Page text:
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Starting a wormery - not as easy as you might think

With a renewed interest in fishing and nowhere to buy any wriggly bait in town, I thought that a wormery might be a good investment. After a bit of research I bought the Original Wormery Composter from Original Organics. It's designed for both indoor and outdoor use and isn't as large as some of the other offerings.

Everything arrived and I set it up according to the instructions. It comes with coir, or coconut fibre rather than soil. This needs to be moistened and personally I felt it looked somewhat unappealing as a home for the worms. But it was what it was. I added some food waste and shredded paper and left the top of the wormery open for a short while as this encourages the worms to burrow to escape the light. This didn't take long and the top wasn't open for long. I subsequently learned that this might have been a mistake.

The instruction was to then leave the worms for a while to settle in, but after a few days I had a peek. There were worms all up the inside of the container and some around the edges of the lid and in the hinge. I didn't cotton on to the fact that some had in fact got past the foam seal that sits between the lid and the top edge of the container.

When I next looked a few days later I couldn't see any worms. I turned over the coir and could only find two or three. I phoned the company and was assured that they were probably there, perhaps in the bottom of the container. However, I looked again about a week later - no worms

wormery lid


At this point I applied some practical logic to the situation and came to the conclusion that the worms had all escaped through small channels where the foam didn't quite meet, as shown in the photo. I recollected that I had seen worms in the hinge area and realised that they must have wriggled through the channel at that end. An email to the company didn't illicit any sympathy, only a statement that the foam normally provides a good seal, not acknowledging the obvious design flaw that I had described.

I had no choice other than to order some more worms while carrying out some modifications to block the escape routes that I had identified. I also checked out some YouTube videos and one explained that when the worms are first introduced they need a good while to acclimatise to their new home. It was recommended that the lid be left open for much longer than I had done previously. If they are not given plenty of time before the lid is closed. Once in the dark they will explore everywhere rather than just settling in their coir matting. That made sense so I followed this advice with my new worms.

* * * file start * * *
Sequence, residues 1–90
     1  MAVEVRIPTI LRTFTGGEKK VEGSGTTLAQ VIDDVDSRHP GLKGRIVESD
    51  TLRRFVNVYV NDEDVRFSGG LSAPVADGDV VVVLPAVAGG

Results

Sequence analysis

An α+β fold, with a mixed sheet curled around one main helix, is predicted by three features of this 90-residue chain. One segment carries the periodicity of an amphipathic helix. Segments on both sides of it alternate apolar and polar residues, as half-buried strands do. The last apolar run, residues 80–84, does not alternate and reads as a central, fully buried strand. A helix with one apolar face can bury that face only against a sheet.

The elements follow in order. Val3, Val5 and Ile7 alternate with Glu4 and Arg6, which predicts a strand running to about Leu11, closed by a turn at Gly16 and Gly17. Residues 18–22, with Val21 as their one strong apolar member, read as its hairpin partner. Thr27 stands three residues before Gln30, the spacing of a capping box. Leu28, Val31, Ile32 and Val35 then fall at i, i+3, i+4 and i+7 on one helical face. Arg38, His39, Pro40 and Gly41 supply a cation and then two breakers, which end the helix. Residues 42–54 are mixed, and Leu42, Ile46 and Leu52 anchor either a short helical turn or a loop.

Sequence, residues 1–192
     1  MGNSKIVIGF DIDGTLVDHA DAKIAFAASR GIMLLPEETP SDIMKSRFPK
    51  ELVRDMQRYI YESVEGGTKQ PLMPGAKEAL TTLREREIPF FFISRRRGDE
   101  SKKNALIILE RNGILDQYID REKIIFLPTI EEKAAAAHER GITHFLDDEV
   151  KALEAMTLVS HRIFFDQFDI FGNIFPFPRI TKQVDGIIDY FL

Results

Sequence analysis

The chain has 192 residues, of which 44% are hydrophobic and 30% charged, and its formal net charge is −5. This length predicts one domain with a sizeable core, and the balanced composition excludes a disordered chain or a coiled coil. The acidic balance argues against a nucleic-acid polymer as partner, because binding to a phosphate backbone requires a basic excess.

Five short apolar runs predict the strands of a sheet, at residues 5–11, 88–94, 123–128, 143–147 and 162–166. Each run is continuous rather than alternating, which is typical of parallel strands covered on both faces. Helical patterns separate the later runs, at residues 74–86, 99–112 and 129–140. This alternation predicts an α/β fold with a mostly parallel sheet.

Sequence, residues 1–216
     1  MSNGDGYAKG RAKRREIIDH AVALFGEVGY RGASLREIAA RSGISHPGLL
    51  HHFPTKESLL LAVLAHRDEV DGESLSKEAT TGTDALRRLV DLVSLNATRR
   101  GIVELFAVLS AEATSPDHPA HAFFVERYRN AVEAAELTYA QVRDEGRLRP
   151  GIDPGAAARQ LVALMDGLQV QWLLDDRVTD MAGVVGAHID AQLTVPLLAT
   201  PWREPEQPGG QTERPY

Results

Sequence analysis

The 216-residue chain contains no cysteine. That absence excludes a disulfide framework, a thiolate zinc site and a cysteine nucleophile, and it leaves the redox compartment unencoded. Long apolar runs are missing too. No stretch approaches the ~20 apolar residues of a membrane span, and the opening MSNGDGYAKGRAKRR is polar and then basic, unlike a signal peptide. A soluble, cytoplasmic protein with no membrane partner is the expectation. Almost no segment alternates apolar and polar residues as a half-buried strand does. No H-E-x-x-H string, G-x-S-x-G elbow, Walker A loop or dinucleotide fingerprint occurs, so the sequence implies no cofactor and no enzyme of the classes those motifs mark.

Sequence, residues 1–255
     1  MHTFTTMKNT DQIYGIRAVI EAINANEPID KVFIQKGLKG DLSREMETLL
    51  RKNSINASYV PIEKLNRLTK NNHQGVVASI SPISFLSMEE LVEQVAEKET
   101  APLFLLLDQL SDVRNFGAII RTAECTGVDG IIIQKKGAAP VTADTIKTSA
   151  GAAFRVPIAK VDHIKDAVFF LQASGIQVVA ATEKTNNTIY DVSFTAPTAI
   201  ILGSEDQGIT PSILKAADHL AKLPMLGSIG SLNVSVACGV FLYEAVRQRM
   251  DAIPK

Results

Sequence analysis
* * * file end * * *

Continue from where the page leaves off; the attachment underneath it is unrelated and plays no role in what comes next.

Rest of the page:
It's still early days but so far my worms have remained, or at least a fair number of them, and I haven't spotted any signs of escapees. More importantly they seem active and I hope have started work breaking down the food waste. Only time will tell but it is clear that keeping worms is as much an art as a science!
  

Bike brought back into action!

My bike, bought about 30 years ago, has been at the back of the garage for a few years. With the continuing restrictions because of COVID-19, and the almost total lack of vehicular traffic, I decided to dust it off so to speak. It's a Claude Butler that proudly displays the message 'Hand made in England' on a rear fork. But it weighs a tonne compared with the modern alloy or carbon models.

Unfortunately it needed a bit more than a dust off. In fact as it had been kept under plastic dust wasn't really an issue. What was an issue were the gears. The selectors were clearly not engaging with the selector mechanism so it wasn't possible to effect any gear changes. So I set about exploring the Shimano Exage 400LX system.

Gear selector

When I dismantled the selector for the rear dérailleur the reason was immediately obvious. The original grease had hardened and the small spring that kept the pawl engaged with the selector ratchet was effectively glued in the open position by the old grease. WD 40, gentle brushing and some light 3-in-1 oil got everything working again. But I had released the selector cable to take tension off the selector mechanism and because the end was badly frayed I couldn't get it back through the sheath of the outer.

I ordered a kit with two new Shimano inner cables, a length of new outer sheath and the fittings to put on the ends of the cut outers. And a decent cable cutter, having seen what a mess a pair of pliers made when I cut off the cable end cap from the old cable.

Replacing the cables was easier than I imagined. The design of the selector housing allows the cable to be pushed through and removed, and the new one installed by the reverse procedure. The outers were cut to size to match those removed, although it was necessary to ensure that the ends were 'open' after being squashed somewhat by the cutter. Next came the setting up, or indexing of the dérailleurs.